Robert Evans, who died this week at age 89, was so larger than life that our two most iconic Robert Evans impressions — Patton Oswalt’s and Bob Odenkirk’s on Mr. Show — compared him to Satan and God, respectively. Both impressions draw heavily on The Kid Stays In The Picture, Evans’ 1994 autobiography, the audiobook memorably read by Evans himself, and the 2002 documentary adaptation of the audiobook from Brett Morgen and Nanette Burstein.
The book and the movie are a complementary tandem. Evans had an idiosyncratic reading style, rushing through some lines and mashing words together, then really luxuriating in others, growling them carefully and percussively, like a big band leader with permanently plugged nostrils, all with Christopher Walken-esque disregard for punctuation. Between the bassy register and the smushed lines, I had to listen on headphones even in the car. But the tradeoff in intelligibility was more than worth it. The book just wouldn’t work with anyone else reading it — who else could’ve captured Evans’ iconic casting couch patois, where he delivers every line like Frank Sinatra dropping bons mot to an eager bellhop on his way to party with some dames?
Dames… Evans actually used that word. He also loved to start sentences with a wry laugh, like he was genuinely tickled at the opportunity to be spending this time with himself. The documentary took everything that was iconic about the audiobook, put it into chronological order, and added stock footage, movie clips, and interviews with Evans — slowing down some of his rushed line reads, trimming some tangents, and generally translating Evans into something more universally accessible. You can watch the doc to see all the things the book references, then go back to the book to get the unfiltered stories told in their original Evans-ese. My favorite visual from the film is a 1970s interview with Edward R. Murrow, who gives the audience background on who Evans is, and then a curtain opens theatrically on a separate room to reveal Evans, perched on the arm of a couch like a tanned, wrinkle-less gargoyle. Murrow continues to interview him there as if it’s the most casual thing in the world.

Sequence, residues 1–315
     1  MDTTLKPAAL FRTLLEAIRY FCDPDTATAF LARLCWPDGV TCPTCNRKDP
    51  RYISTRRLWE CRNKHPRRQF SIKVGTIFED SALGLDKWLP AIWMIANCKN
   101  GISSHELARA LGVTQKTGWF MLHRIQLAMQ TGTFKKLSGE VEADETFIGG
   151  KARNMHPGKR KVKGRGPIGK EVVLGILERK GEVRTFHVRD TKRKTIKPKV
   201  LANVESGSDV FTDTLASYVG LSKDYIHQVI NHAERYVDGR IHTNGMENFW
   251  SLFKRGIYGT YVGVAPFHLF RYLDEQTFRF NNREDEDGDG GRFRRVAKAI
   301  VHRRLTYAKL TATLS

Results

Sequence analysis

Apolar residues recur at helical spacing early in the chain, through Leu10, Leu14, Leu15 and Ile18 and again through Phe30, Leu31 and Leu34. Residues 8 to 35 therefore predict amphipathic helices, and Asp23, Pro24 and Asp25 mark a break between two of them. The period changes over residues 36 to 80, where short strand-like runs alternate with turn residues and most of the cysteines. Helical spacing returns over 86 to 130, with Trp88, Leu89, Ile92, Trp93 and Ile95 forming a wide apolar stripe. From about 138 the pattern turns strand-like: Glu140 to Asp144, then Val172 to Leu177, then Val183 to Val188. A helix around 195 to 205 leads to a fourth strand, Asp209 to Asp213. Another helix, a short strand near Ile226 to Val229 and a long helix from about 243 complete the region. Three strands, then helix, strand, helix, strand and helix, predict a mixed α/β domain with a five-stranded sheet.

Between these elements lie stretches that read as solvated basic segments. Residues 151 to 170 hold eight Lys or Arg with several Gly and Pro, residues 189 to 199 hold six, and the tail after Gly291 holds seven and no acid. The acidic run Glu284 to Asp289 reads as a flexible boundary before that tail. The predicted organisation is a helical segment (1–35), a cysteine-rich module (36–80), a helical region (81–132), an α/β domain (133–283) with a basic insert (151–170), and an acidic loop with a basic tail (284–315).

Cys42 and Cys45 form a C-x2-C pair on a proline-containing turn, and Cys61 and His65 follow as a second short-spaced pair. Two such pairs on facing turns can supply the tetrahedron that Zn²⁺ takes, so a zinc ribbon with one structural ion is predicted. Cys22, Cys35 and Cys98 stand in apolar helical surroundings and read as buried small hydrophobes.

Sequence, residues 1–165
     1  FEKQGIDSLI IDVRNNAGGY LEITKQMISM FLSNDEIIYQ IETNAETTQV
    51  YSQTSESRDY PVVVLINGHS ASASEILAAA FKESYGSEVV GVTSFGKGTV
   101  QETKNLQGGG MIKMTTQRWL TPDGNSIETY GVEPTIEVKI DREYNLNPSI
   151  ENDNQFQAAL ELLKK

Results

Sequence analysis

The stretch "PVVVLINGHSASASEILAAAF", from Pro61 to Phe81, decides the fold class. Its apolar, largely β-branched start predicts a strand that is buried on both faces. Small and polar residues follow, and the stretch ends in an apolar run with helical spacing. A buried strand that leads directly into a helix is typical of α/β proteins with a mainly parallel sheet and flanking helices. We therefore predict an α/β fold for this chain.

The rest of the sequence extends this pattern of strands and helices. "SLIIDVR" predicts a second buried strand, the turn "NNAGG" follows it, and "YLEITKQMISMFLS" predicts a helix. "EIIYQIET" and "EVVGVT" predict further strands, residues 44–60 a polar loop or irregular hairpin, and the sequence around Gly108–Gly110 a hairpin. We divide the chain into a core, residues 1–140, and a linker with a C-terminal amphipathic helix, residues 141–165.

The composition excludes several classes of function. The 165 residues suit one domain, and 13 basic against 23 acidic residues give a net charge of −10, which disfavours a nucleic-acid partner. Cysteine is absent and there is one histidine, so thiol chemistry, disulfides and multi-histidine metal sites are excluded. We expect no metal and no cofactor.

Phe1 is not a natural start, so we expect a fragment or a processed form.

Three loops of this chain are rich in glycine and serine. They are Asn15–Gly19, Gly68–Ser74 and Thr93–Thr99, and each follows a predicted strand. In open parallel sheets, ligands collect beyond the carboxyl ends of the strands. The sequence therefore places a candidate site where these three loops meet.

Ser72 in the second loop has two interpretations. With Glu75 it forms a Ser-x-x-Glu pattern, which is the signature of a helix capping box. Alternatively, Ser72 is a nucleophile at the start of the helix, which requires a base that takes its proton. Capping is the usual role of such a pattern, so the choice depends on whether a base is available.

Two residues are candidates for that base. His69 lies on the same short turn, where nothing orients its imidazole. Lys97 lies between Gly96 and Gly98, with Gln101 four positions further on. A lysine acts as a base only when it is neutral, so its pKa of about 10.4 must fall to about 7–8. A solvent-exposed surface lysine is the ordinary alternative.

From his discovery at the Beverly Hills Hotel pool by Norma Shearer, widow of Irving Thalberg, who helped get Evans cast as Thalberg in a 1957 biopic of Lon Chaney, to his eventual running of Paramount where he produced Chinatown, The Godfather, Love Story, etc., Evans’ represents a bygone era of deliciously sleazy yet weirdly innocent Hollywood. It was a place where guys who got discovered in a pool or as Barbra Streisand’s hairdresser could end up running studios. Enough with incompetent fail children of celebrities in vanity projects, bring back outsized roles for their ambitious service staff! (Adam Sandler seems to be the only celebrity still operating this way, God bless him).
After playing Thalberg in The Man Of A Thousand Faces, Evans played the bullfighter in The Sun Also Rises, a casting decision Ernest Hemingway hated so much he that tried to enlist other players to quit over it. Darryl Zanuck allegedly overruled them all, shouting “the kid stays in the picture” into a bullhorn. In the book, Evans describes being snubbed by Hemingway, even years later, and Evans retaliating by dating Hemingway’s granddaughter.